from The American Heritage® Dictionary of the English Language, 4th Edition

  • intransitive v. To go ashore from a ship.
  • intransitive v. To leave a vehicle or aircraft.
  • transitive v. To take ashore from a ship.

from Wiktionary, Creative Commons Attribution/Share-Alike License

  • v. To remove from on board a vessel; to put on shore; to land; to debark.
  • v. To go ashore out of a ship or boat; to leave a train or airplane; to debark.

from the GNU version of the Collaborative International Dictionary of English

  • intransitive v. To go ashore out of a ship or boat; to leave a ship; to debark.
  • transitive v. To remove from on board a vessel; to put on shore; to land; to debark.

from The Century Dictionary and Cyclopedia

  • To debark; remove from on board a ship to the land; unload; put on shore; land: as, the general disembarked the troops at sunrise.
  • To land from a ship; go on shore, as at the end of a voyage.

from WordNet 3.0 Copyright 2006 by Princeton University. All rights reserved.

  • v. go ashore


Probably obsolete French desembarquer : des-, dis- + embarquer, to embark; see embark.
(American Heritage® Dictionary of the English Language, Fourth Edition)


  • When Frank and Mr. Goodenough disembark from the ship on the coast of West Africa, the latter immediately warns the boy that "the negroes of Sierra Leone are the most indolent, the most worthless, and the most insolent in all Africa" (113).

    Terry Krepel: The Question To Ask About Art Robinson's Love of Racist Novels

  • Great Britain: The British lion just got a haircut and -- who could be surprised -- most of the hair that got cut was shorn from women and children, always first to disembark from the HMS Economy.

    Tom Engelhardt: Handicapping the Global Midterms: Winners and Losers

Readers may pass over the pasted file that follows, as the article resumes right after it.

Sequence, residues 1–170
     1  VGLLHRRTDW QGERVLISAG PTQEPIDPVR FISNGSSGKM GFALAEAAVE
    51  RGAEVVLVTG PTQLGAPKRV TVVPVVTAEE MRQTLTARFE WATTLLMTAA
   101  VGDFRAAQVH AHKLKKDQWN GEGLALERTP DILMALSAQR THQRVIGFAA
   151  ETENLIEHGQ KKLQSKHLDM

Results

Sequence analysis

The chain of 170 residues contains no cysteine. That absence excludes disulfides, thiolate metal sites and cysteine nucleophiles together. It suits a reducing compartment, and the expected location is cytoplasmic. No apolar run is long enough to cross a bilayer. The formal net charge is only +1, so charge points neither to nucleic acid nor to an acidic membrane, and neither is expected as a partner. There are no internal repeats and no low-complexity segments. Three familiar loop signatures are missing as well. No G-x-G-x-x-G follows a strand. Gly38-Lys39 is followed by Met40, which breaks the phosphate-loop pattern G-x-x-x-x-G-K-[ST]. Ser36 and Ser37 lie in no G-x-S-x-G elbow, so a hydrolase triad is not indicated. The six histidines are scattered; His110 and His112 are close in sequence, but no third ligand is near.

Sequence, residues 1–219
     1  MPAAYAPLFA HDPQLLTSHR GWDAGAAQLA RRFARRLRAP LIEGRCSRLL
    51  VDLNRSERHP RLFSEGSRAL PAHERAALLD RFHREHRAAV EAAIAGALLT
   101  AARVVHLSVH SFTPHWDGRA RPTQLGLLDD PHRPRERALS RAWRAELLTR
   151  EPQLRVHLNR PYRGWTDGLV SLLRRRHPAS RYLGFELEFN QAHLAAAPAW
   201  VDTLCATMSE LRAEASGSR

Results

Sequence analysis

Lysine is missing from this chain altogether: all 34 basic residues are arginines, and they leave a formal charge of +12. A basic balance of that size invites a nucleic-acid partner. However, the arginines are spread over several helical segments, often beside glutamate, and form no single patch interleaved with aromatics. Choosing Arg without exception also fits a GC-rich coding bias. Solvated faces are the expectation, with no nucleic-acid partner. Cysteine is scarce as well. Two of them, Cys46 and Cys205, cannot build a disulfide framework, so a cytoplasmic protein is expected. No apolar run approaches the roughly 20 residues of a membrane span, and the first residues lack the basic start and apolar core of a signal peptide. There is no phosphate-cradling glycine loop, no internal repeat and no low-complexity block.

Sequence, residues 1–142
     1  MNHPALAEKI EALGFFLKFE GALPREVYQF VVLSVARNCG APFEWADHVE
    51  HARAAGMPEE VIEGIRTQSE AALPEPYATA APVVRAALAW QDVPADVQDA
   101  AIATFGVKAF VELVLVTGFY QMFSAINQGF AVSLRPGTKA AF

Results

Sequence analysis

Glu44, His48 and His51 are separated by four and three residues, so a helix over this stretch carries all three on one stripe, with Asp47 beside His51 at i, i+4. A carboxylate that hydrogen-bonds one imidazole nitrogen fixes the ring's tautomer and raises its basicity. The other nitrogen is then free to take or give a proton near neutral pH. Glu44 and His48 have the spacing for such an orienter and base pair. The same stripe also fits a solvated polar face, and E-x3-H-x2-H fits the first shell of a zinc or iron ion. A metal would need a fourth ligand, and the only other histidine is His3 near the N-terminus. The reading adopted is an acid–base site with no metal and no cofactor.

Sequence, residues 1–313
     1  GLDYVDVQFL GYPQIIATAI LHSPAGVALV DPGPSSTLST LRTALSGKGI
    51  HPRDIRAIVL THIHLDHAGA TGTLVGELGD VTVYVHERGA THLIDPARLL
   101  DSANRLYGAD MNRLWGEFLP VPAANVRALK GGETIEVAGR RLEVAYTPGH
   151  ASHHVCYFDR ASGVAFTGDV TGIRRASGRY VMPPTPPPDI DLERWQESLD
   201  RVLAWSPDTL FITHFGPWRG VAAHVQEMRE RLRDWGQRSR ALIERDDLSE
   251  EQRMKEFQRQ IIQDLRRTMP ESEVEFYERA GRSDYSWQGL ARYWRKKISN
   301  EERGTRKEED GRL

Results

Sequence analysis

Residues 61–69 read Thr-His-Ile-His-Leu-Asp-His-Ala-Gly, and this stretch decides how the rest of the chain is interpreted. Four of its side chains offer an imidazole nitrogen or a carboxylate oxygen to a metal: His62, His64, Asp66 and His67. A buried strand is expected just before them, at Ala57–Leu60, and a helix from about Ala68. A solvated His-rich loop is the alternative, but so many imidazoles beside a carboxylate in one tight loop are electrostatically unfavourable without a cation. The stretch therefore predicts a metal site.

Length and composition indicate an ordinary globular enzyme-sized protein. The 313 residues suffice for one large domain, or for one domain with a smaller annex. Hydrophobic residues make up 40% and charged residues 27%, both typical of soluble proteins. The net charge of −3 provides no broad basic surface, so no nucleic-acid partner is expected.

• To attempt to disembark is to commit suicide; you are surrounded on all sides by moving quicksands like the one in which your soldier and his axe have just been swallowed up.

    The Brass Bell or, The Chariot of Death

  • As lingering evidence of this paranoia, notice that I used the word "disembark" rather than the colloquial "get off."

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  • I wanted to ask you a question based on your own … if this is not attributable to AGW, especially considering that it is now the tenth ice shelf to 'disembark', to what, exactly, would you attribute Wilkins?


  • The airline noted that the airport faced intermittent power outages, making it difficult to refuel planes and to use jet bridges so fliers could disembark.

    Passengers Stranded on Tarmac for Hours in Storm to Get Refunds

  • The VIP treatment continued after we landed in Rio: as the plane sat on the tarmac and passengers waited to disembark, a tour representative boarded the aircraft and whisked me off through the airport.

    Nikolas Kozloff: Part II: What Is the Brazilian Brand?

  • Tabitha kissed me on the cheek, the warmth lingering there long after she headed off down the aisle to disembark.


  • The mother she is faded sepia tawny hair tawny skin tawny soul watches her tawny boys with empty eyes as they disembark the bus.

    Woodchuck Hill

  • Now his daughter was an American citizen and Max wanted only the chance to board theSS Mauaand disembark in New York.

    Rio, 1946


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